Io The classical Leibnizian term "possible world" has been reintroduced by Kripke and others in the semantics of modal logic. For an introduction into modal logic, see Hughes and Cresswell, Introduction to Modal Logic (London, I968). See Poetics, 14/15 (vol. IV, 2-3) for some applications in literature, especially metaphor, and for further references.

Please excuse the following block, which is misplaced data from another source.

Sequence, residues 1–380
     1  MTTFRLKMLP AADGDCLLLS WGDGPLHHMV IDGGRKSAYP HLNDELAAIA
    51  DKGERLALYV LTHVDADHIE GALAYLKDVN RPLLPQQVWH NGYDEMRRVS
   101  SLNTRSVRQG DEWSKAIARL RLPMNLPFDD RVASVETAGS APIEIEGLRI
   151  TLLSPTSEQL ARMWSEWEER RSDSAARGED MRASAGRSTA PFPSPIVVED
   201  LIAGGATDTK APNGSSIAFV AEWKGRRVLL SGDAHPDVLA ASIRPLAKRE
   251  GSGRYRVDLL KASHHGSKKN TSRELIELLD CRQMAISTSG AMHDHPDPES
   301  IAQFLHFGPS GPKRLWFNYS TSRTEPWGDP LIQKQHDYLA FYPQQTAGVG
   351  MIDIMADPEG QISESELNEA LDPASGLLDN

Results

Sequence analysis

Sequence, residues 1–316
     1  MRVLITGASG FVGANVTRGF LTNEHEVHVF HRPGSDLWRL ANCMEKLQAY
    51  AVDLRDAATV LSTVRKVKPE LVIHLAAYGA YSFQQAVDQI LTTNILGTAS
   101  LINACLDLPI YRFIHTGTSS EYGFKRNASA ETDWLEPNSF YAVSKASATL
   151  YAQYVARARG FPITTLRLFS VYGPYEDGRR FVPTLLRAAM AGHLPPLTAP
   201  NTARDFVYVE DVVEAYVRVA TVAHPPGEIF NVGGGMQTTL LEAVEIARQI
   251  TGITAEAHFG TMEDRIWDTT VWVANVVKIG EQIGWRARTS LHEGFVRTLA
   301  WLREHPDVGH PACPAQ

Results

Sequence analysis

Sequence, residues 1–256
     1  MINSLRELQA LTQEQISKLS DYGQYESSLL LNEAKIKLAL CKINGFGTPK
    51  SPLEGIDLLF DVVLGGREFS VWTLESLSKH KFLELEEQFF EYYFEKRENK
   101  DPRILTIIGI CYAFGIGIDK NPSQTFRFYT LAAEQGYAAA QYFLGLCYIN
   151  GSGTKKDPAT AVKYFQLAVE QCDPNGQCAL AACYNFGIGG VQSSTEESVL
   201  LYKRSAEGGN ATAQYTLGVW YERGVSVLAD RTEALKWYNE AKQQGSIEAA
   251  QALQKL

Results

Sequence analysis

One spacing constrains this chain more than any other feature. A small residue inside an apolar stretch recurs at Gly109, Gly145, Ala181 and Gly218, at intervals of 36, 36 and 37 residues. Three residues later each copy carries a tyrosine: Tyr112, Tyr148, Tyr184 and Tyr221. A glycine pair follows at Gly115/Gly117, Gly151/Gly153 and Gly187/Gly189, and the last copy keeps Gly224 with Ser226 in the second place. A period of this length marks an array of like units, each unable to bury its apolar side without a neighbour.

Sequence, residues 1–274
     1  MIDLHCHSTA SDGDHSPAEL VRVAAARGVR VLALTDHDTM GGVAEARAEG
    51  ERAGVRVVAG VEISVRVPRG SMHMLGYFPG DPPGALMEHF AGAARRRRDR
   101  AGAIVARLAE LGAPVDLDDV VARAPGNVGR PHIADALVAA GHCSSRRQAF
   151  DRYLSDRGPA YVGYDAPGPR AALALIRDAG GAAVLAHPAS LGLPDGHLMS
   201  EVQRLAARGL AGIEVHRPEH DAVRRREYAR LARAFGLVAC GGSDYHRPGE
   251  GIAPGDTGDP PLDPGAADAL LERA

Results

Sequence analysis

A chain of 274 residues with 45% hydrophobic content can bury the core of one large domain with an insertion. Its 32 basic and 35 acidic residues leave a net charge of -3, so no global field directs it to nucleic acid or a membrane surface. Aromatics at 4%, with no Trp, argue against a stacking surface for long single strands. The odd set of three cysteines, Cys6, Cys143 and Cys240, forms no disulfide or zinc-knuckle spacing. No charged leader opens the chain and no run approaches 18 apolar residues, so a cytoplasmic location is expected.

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actions only those bodily events over which we have control in some situation, that is, those events which we can initiate and terminate when we want. Thus, many biological bodily events, like our heart beating, are in normal circumstances beyond our control, and therefore are not actions. Conversely, we may accomplish actions without being explicitly aware of them, but which are nevertheless actions because we can control, that is, could be aware of them. An organism satisfying at least the properties mentioned above (e.g., consciousness, awareness, control) will be called a (normal) person. Hence only persons can accomplish actions. A person accomplishing an action will be called an agent. The class of events thus characterized is still too large for our purposes. That is, it contains what we may call doings, whereas actions are, or contain (see below), doings which have further properties. Thus, when I play with a pencil without being aware of it, it may be said that I do something, but we will not say that I accomplish an action in the strict sense. Similarly, I may, by accident, drop my glass, without having the intention to do so, as would be the case when I would throw my glass at someone. In most philosophical treatments of action, this notoriously vague but important notion of intention is used to distinguish actions from nonactions, like doings, bodily movements, or other events. Closely related is the moral and legal notion of responsibility. That is, we are only responsible for those doings (and their consequences) which are within our control and which we intended to bring about (directly or indirectly, i.e., as a part of a sequence of doings intended as a whole). Since a doing is a bodily event, and since events are caused by other events, it has been argued that intentions are mental acts causing our doings. However, this leads to difficulties, because mental acts would in turn require intentions as their cause, and so on ad infinitum. Hence, intentions are more safely characterized as mental states or events, which may of course in turn be caused by other mental events like wishes, wants, desires, hopes. Another problem is that, although at ti I may have the intention to do A at ti + k , this intention hardly can be said to "cause" my doing, for example, because I may "change my mind" in the meantime and do something else at ti + k instead (which requires the formation of a different intention at t i + j (j < k) ). Still, let us say that, if "nothing else happens," that is, if no other intentions are formed, an intention will-possibly via a series of mechanical events-result in its corresponding doing or ordered set of doings. Normally, however, the notion of intention is used with a wider scope. If we say that I intend to open the door, we do not normally mean thereby that I (merely)